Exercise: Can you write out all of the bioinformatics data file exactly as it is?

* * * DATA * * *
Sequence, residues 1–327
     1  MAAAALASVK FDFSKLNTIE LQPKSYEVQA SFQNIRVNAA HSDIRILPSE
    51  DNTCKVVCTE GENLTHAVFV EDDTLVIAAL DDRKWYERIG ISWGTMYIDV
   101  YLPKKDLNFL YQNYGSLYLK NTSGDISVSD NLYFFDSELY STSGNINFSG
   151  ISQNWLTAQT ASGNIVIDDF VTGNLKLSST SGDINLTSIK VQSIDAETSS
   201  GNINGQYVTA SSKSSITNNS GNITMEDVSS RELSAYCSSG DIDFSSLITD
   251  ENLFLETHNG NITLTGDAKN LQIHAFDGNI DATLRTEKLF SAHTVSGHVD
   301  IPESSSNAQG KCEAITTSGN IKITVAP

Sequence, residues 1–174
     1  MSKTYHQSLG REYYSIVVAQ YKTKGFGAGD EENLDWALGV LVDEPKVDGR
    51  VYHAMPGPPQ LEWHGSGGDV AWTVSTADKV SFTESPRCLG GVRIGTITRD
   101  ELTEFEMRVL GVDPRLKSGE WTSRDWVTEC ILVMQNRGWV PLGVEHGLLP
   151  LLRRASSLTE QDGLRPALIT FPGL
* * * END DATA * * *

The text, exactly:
Sequence, residues 1–327
     1  MAAAALASVK FDFSKLNTIE LQPKSYEVQA SFQNIRVNAA HSDIRILPSE
    51  DNTCKVVCTE GENLTHAVFV EDDTLVIAAL DDRKWYERIG ISWGTMYIDV
   101  YLPKKDLNFL YQNYGSLYLK NTSGDISVSD NLYFFDSELY STSGNINFSG
   151  ISQNWLTAQT ASGNIVIDDF VTGNLKLSST SGDINLTSIK VQSIDAETSS
   201  GNINGQYVTA SSKSSITNNS GNITMEDVSS RELSAYCSSG DIDFSSLITD
   251  ENLFLETHNG NITLTGDAKN LQIHAFDGNI DATLRTEKLF SAHTVSGHVD
   301  IPESSSNAQG KCEAITTSGN IKITVAP

Sequence, residues 1–174
     1  MSKTYHQSLG REYYSIVVAQ YKTKGFGAGD EENLDWALGV LVDEPKVDGR
    51  VYHAMPGPPQ LEWHGSGGDV AWTVSTADKV SFTESPRCLG GVRIGTITRD
   101  ELTEFEMRVL GVDPRLKSGE WTSRDWVTEC ILVMQNRGWV PLGVEHGLLP
   151  LLRRASSLTE QDGLRPALIT FPGL